Michael Farrell
http://primeservicesglobal.com/

JNieman

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Sorry, forgot this thread was about you.  I was speaking in generalities of training and factors involved, and then about my position specifically!  I'll step away, now.

Tortiz

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You can hide the cost of training but it there. You can say I learned it on my own but, I bet a lot of it was on the job. someone paid for it. You, with time and a computer / internet connection or at work on company time.

Greg B

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You can hide the cost of training but it there. You can say I learned it on my own but, I bet a lot of it was on the job. someone paid for it. You, with time and a computer / internet connection or at work on company time.

Now wait a moment.  Everyone is always learning something new while working on a job.  Unless you go to work and sit in your chair and click the exact same button day after day, you are learning something new.  What you are being paid for is to do your job.  Not training.

Bethrine

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I'll chime in here and add my current experience:

I was hired at "sub-level" wages and allowed to learn what I didn't know. Partly because of that, I have gone out of my way to learn as much as I can as quickly as I can.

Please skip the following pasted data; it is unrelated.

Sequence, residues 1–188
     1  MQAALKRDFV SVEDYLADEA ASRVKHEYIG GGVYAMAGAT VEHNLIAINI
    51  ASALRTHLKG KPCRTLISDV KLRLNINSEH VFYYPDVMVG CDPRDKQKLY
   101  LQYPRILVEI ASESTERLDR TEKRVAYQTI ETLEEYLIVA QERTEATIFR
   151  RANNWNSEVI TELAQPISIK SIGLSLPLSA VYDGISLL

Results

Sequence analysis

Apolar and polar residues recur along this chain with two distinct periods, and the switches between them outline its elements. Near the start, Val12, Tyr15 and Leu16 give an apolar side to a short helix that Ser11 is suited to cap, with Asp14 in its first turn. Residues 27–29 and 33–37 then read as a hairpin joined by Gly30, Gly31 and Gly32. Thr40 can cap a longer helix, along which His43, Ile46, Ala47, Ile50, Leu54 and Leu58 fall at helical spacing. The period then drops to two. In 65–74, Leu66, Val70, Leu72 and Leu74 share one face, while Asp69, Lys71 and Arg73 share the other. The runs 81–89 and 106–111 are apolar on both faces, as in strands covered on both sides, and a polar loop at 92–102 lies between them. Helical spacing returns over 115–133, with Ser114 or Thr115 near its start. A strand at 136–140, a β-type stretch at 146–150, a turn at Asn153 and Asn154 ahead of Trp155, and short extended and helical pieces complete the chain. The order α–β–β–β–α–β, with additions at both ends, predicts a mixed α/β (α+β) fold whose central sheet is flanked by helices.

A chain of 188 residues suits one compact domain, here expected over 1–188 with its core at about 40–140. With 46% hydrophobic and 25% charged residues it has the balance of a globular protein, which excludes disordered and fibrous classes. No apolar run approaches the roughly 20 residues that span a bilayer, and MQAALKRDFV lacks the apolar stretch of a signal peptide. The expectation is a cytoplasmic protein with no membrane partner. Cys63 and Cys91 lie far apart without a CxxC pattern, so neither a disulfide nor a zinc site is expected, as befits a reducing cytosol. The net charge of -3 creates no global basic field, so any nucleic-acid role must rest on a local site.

The other part is just because I want to be excellent at my job and appreciated. I want to be the person in the office everyone is glad to see every morning. Only part of that is personality, most of it is if you make other people's jobs easier for them and that means pulling my own weight at the very least.

Being self taught, there is no reason I cannot be successful that way however, I would point out that after a certain point, the help file is no longer helpful and outside assistance of some sort is necessary. The people here are an excellent resource and, in my opinion, a rare one! I did learn more from the help file than out of the book from my local community college (I didn't go to classes, just read the book). I also got more out of an Autodesk training manual than I did from the help file. Because of those two experiences, I would love to go to an Autodesk gathering of some sort and see what I could glean from that but as far as getting my Associates locally, I am thinking that if the teacher isn't any better than the material, it may not be worth the paper it's printed on.

IMO: It depends on the training as well as the employee and the right training along with the right employee will be worth every penny. The right training with the wrong employee is pointless.